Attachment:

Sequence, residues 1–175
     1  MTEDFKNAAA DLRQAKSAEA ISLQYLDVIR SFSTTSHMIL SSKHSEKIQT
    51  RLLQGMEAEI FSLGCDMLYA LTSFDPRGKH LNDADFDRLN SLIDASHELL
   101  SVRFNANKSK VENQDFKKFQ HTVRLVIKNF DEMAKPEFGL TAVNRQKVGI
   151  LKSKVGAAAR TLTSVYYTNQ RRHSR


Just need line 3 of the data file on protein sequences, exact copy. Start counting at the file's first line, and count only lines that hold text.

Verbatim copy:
    51  RLLQGMEAEI FSLGCDMLYA LTSFDPRGKH LNDADFDRLN SLIDASHELL